In an earlier post I touched upon the subject of education, writing that Russian Jews of a certain age often view college as a pressure cooker for liberal propaganda. I find that, in addition to this one-sided view, many Russian Jews both old and young approach the term “liberal arts” with general skepticism, if not disdain. These sentiments are not unwarranted, considering that in the Soviet Union, vocational training was the basis for higher education. However, because of inherent discrepancies between the philosophies underlying vocational and liberal arts educations, major conflicts erupt when Russian parents decide to send their budding young scholars off to college.
As a freshman in college with scores of interests, you’re granted the blessed opportunity to explore. During this period of self-discovery, young undergrads sample from a rich palette of fields while slogging through mandatory general education courses that may or may not be relevant to them. After two years of navigating through an academic hodgepodge, most students are good and ready to set foot on a strict route toward that illustrious college degree. Whether or not that degree is worth what it was some decades ago, is something else worth mulling over.
Many Russian Jewish parents are baffled by humanities majors and their real-world applications. “Soft” majors like English, philosophy, and even psychology often produce more than one raised eyebrow from well-meaning relatives. Usually this bafflement is often accompanied by questions like, “What will you do with a degree in [x]?” What the older generation doesn’t understand is that a college major is not a direct entryway to a specific job. Rather, it demonstrates that you have satisfactorily completed a rigorous scholarly program, which taught you to think critically and intelligently on a wide array of subjects. What a humanities major does not do, is put a roadblock on a career. On the contrary, many experts argue that “interesting” or non-typical majors actually give job applicants an edge in the hiring pool. So there is nothing keeping English majors from entering the business world or philosophy majors from becoming scientists.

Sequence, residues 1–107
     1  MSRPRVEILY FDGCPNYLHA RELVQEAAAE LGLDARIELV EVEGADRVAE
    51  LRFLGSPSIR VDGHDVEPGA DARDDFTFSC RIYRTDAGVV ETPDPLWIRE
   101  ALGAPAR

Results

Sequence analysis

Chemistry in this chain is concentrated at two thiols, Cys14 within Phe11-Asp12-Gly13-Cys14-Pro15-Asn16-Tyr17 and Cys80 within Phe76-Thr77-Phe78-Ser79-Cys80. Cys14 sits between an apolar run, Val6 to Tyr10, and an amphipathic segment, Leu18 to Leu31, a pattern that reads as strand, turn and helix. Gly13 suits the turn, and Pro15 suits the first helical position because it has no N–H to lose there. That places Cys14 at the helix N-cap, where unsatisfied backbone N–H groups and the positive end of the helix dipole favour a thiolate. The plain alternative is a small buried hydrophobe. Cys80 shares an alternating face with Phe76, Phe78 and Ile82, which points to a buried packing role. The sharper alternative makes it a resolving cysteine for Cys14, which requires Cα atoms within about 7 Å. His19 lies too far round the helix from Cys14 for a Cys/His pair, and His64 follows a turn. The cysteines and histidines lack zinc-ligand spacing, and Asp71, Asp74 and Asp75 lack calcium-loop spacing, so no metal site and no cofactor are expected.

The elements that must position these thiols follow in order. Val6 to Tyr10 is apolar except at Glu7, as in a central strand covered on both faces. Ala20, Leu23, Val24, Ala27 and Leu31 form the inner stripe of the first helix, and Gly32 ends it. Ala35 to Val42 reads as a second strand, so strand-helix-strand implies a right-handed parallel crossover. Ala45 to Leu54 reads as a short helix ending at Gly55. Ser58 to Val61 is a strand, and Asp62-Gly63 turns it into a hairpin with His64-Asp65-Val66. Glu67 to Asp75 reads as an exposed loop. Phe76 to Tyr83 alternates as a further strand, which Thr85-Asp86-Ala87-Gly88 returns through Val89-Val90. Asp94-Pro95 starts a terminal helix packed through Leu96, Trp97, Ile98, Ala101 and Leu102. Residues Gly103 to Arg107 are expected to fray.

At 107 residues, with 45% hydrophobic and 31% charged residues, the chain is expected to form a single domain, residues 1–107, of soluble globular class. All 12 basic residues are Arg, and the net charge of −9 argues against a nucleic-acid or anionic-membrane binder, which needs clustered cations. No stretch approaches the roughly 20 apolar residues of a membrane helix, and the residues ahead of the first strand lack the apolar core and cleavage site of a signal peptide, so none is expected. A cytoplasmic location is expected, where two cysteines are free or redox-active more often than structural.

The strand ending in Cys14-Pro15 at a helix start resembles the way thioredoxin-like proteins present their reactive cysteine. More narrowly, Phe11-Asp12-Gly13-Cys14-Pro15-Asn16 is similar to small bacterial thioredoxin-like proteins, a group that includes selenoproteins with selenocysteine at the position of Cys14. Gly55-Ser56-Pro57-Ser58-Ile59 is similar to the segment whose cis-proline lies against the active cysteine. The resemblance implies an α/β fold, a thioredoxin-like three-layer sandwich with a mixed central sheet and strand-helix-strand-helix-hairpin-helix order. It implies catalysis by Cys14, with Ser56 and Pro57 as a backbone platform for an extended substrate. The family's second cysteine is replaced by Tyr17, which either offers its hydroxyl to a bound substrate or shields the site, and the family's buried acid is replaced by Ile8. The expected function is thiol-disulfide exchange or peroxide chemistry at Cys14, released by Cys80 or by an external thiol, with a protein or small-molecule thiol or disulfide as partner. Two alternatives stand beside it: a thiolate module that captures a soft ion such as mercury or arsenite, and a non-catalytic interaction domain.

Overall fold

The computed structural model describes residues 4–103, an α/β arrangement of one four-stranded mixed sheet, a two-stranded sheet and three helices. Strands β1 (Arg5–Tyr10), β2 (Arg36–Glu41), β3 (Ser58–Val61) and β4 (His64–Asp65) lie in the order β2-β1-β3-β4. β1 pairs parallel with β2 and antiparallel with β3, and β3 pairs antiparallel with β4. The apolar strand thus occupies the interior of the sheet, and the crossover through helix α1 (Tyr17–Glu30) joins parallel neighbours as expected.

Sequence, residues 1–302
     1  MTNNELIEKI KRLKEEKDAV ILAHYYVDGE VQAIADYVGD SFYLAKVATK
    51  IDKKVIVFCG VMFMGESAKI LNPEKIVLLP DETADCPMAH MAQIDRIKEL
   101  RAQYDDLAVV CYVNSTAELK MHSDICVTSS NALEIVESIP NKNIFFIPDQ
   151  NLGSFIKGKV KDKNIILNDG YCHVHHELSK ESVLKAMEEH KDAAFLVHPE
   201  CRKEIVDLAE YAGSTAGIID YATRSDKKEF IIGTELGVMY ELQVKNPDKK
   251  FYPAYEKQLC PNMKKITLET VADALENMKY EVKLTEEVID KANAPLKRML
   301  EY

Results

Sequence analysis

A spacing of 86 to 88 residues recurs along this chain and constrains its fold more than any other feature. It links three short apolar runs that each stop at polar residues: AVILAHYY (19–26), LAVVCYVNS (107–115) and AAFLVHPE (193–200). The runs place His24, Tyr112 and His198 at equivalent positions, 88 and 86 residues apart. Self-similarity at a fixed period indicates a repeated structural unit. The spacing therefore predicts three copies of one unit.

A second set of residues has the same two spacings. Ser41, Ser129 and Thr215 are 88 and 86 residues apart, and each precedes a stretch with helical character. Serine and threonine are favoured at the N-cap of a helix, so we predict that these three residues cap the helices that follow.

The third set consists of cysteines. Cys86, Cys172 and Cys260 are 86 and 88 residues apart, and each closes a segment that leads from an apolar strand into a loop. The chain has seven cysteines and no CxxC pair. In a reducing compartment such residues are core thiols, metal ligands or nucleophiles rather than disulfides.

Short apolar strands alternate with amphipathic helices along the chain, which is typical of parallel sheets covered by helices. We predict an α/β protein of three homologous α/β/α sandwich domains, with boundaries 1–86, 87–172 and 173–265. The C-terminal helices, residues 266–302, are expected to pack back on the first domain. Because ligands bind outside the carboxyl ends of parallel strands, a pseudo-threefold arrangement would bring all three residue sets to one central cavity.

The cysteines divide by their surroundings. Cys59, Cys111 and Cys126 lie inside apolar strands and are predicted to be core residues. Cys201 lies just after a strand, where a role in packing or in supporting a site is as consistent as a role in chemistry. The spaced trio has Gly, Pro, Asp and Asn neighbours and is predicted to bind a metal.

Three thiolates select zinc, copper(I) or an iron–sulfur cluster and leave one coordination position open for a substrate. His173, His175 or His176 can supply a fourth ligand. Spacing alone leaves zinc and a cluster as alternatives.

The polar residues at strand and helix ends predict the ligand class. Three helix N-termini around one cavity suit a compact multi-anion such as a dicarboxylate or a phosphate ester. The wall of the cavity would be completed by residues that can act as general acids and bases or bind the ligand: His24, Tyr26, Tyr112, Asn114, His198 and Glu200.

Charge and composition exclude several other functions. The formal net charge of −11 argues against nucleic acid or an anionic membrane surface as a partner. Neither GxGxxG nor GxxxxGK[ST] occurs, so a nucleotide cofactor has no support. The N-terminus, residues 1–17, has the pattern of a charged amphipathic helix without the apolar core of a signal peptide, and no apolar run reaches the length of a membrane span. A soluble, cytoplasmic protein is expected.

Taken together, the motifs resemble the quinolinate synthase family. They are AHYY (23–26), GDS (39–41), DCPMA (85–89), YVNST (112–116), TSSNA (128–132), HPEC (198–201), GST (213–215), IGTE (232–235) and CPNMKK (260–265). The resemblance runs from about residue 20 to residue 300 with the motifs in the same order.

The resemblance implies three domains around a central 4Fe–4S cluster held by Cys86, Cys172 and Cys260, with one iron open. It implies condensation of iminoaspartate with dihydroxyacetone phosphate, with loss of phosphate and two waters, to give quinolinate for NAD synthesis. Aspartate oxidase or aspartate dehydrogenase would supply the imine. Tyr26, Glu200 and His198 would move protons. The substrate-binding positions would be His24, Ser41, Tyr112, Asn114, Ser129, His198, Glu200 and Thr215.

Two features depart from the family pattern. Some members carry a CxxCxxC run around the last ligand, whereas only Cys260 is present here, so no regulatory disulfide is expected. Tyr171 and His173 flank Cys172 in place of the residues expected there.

But the older generation is certainly not the only one with this mentality. Plenty of people my age who study what they consider to be “practical majors” — sneer at humanities majors or allude to our inevitable end on the streets unless we start studying economics, pronto. It’s an unfortunate mindset that largely determines many college students’ academic trajectory. Rather than focusing on strengths and interests, students immediately delve into whatever baccalaureate program they’re convinced will translate into a higher salary later in life. What’s scary to me about this is that, sure — you’ll have the salary you’ve always dreamed of and make your whole family proud. But you might also realize you’ve spent half your life doing something you hate, only when it’s too late.
Samantha Shokin, 22, is a senior at NYU Gallatin, concentrating in literary journalism. She was born in NYC and lives in Brooklyn with her mother and father, who emigrated from Ukraine and Lithuania, respectively.
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